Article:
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Posted Wednesday, October 3, 2007 12:34 PM


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At my current position, one of the first things I do when things start acting up is to check available hard drive space. We have a lot of processes that perform very large aggregations, and (with fairly frequent code-pushes) it's not unknown for a t-log file, or sometimes tempdb, to suddenly bloat up to fill all available space. These days I always check the alpha-characters first; I wasted 10 minutes or so of Production downtime because I only saw "23", when what it actually said was "23MB".

Mileage will of course vary depending on your code, environment, and so forth.

Philip



Post #406369
Posted Wednesday, October 3, 2007 12:37 PM


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23 MB left instead of 23 GB? That will make a small difference .
Post #406373
Posted Wednesday, October 3, 2007 12:58 PM


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So what was the root of that problem??
Post #406388
Posted Wednesday, October 3, 2007 6:19 PM


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Oh, the usual--code gone wild. There have been a number of similar situations, and they generally fall back to the fact that SQL Server isn't all that good at running queries involving dozens of tables, views, functions, and (thanks 2k5) synonyms... and that's what we've got.

Ya got some tables; then ya build some views on those tables; then a table-valued function on the views; then a view that hits the function; then a query that joins a whole bunch of them. Note that all this was built up over time, and later developers aren't necessarily aware of what the "common tools" (views and functions) that the developers of yore wrote are actually based on. Iterate over that loop several times, and--once you decipher everything--you end up with some pretty monstrous queries.

So, naturally, we buy more hardware and the problem goes away and everyone's happy. And two-three months later...

What's a production DBA to do? At least, as per the original thread, it's fairly easy to pinpoint why the system is acting up...

Philip



Post #406555
Posted Wednesday, October 3, 2007 6:22 PM


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I'd like to see the execution plan of that thing .
Post #406559
Posted Wednesday, October 3, 2007 6:35 PM
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Hey Gordon;
Newbie here again...I didn't understand the upshot of your experience and I'd like to learn from it. What did the "Time out occurred while waiting for buffer latch type 2" mean? Why did the database issue that message And did you have to do something to resolve it?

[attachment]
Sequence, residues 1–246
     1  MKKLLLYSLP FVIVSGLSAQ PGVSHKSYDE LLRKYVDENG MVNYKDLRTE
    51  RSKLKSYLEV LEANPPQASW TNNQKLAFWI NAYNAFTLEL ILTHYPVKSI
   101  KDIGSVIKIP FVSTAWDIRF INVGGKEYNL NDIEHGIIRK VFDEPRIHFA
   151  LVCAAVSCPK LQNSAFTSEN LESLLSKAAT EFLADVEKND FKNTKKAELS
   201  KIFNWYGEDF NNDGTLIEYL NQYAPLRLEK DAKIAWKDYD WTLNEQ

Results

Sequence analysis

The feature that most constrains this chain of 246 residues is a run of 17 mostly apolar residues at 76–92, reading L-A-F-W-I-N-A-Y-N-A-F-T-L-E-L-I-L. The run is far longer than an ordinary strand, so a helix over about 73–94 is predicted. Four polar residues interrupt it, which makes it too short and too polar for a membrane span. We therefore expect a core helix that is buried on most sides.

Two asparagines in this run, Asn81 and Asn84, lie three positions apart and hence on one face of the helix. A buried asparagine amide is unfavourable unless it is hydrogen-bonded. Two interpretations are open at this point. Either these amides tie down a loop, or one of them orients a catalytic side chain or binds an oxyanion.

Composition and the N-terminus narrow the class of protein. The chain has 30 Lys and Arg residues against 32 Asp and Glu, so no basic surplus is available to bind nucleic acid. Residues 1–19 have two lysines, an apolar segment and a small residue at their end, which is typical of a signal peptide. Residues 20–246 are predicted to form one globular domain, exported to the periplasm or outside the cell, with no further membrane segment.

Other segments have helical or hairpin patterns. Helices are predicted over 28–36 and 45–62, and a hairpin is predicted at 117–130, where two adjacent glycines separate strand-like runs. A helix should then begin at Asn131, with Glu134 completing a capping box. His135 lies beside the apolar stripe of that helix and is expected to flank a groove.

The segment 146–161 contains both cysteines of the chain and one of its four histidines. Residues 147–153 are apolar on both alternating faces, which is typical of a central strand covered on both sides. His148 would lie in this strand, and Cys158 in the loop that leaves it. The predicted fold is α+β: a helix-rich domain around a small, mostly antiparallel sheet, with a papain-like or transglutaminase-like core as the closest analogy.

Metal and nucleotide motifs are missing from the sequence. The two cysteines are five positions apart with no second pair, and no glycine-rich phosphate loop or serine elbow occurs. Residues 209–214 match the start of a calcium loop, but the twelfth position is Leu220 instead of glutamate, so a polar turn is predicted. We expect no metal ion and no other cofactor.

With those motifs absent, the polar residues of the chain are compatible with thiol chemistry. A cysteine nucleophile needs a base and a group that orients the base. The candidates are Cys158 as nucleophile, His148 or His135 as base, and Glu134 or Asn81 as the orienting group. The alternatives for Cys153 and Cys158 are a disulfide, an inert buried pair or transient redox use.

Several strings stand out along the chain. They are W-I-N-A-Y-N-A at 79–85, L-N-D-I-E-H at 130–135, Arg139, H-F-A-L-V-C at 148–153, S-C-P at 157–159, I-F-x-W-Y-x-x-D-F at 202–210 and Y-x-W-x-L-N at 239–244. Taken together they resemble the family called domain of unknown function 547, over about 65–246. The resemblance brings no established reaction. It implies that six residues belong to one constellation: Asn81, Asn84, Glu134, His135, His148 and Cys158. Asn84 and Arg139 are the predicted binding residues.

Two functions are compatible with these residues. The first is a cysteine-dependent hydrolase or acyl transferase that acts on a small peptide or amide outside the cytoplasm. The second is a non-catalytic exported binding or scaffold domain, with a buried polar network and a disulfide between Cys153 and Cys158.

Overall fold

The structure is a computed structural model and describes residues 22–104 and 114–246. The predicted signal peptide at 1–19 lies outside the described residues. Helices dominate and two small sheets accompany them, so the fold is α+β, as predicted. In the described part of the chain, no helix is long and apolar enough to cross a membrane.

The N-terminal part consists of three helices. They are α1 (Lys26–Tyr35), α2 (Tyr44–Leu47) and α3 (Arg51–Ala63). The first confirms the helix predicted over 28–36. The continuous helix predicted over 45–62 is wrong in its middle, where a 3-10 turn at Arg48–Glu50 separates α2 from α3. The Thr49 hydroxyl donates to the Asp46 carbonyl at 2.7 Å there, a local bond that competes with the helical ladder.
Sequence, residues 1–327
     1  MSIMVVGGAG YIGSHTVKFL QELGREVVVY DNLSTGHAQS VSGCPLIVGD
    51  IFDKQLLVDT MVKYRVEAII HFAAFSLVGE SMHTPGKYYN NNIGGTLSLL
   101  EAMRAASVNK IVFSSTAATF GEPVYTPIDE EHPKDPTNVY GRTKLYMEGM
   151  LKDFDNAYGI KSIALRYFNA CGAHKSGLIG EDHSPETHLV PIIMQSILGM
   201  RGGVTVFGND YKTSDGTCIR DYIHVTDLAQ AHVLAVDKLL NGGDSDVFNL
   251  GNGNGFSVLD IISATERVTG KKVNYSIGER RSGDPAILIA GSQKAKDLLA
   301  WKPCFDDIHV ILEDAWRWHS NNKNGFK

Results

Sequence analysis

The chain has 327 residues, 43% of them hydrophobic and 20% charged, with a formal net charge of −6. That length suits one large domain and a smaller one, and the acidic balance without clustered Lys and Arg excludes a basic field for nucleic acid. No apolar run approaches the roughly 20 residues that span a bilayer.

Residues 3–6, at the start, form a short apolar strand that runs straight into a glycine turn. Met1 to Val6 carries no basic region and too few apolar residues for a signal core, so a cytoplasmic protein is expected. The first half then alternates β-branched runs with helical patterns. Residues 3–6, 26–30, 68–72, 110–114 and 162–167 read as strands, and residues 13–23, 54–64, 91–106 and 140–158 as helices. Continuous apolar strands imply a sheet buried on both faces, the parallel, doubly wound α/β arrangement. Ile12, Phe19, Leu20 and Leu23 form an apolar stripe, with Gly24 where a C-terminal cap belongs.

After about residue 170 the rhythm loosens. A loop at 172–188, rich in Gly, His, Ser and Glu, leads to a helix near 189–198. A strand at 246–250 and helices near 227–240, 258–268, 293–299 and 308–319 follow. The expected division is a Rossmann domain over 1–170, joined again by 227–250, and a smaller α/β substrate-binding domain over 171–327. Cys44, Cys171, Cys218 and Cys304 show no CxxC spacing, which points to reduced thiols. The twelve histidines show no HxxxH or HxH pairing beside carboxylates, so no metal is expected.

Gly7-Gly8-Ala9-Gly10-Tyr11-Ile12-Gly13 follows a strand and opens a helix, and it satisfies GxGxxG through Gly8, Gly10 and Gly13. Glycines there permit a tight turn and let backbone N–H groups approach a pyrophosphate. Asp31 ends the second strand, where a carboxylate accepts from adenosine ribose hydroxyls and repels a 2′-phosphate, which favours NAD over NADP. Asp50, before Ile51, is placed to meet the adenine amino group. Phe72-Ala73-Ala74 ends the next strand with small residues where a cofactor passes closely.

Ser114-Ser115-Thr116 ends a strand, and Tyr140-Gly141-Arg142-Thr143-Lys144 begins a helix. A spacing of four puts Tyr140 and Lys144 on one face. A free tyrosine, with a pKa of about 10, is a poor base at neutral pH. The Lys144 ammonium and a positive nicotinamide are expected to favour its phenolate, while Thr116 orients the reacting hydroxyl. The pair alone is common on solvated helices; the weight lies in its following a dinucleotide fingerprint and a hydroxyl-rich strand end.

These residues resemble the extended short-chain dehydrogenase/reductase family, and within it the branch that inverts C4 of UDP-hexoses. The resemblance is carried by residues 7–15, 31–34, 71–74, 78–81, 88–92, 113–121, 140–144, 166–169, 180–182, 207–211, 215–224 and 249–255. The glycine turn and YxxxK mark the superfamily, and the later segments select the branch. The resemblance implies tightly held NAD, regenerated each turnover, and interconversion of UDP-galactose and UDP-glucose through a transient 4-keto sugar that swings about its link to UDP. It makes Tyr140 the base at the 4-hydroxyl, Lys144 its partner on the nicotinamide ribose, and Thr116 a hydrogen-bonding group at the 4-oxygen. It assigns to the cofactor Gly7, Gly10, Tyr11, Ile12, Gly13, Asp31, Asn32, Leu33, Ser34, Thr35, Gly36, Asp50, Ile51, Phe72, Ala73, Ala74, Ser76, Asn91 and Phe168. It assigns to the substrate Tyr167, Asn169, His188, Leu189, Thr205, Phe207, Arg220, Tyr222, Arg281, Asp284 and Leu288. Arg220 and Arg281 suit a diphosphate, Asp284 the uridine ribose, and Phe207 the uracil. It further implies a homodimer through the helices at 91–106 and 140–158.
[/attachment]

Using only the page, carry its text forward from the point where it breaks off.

Thanks, Normajean
Post #406561
Posted Thursday, October 4, 2007 6:20 AM


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Normajean,

The error is a not very well documented error message. Best guess is that either an I\O bottleneck or CPU\Memory pressure caused a situation where queries were waiting to long to acquire a latch ( a kind of light-weight lock ). In this situation I fell back on a tried and tested problem resolution: I restarted SQL Server. Sometimes, you just have to shrug your shoulders, re-boot, and move on!

Gordon


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Post #406718
Posted Thursday, October 4, 2007 9:57 AM


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That specific error is actually referring to latches on memory spaces in the buffer. Basically, SQL Server is removing shared objects (cached query plans) that objects have a latch (a latch is basically declaring "I'm next" for a lock on the object). In this case, his query was trying to use a cached query plan that is no longer in the cache. This generally happens when you are using AWE.

I haven't run into this specific error myself, but I suspect it could be fixed by recompiling the queries/procedures or by clearing hte memory buffers so that SQL Server realizes that the query plans are no longer cached.




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Post #406927
Posted Thursday, October 4, 2007 12:49 PM
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Thanks to Gordon and Robert for shedding light on that! Man the more I look, the blinder I feel - I don't know how people learned their way around before these communities existed... Thanks to all you experienced people who are willing to share with those of us that are grappling to get their bearings. Normajean
Post #407033
Posted Thursday, October 4, 2007 1:27 PM


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These communities help all of us. I've learned a lot by helping people figure out solutions to problems they were experiencing. If all you learn is what you experience, you will learn slowly; but by being able to learn form others' experiences, I've learned much faster. Many times I've encountered a "new" problem in or systems and been able to fix it staight away because I had helped someone else diagnose and/or fix it in their own. It really made me look like more of an expert than I am to be able to pull the solution to a new problem off of the top of my head.



My blog: SQL Soldier
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Post #407052
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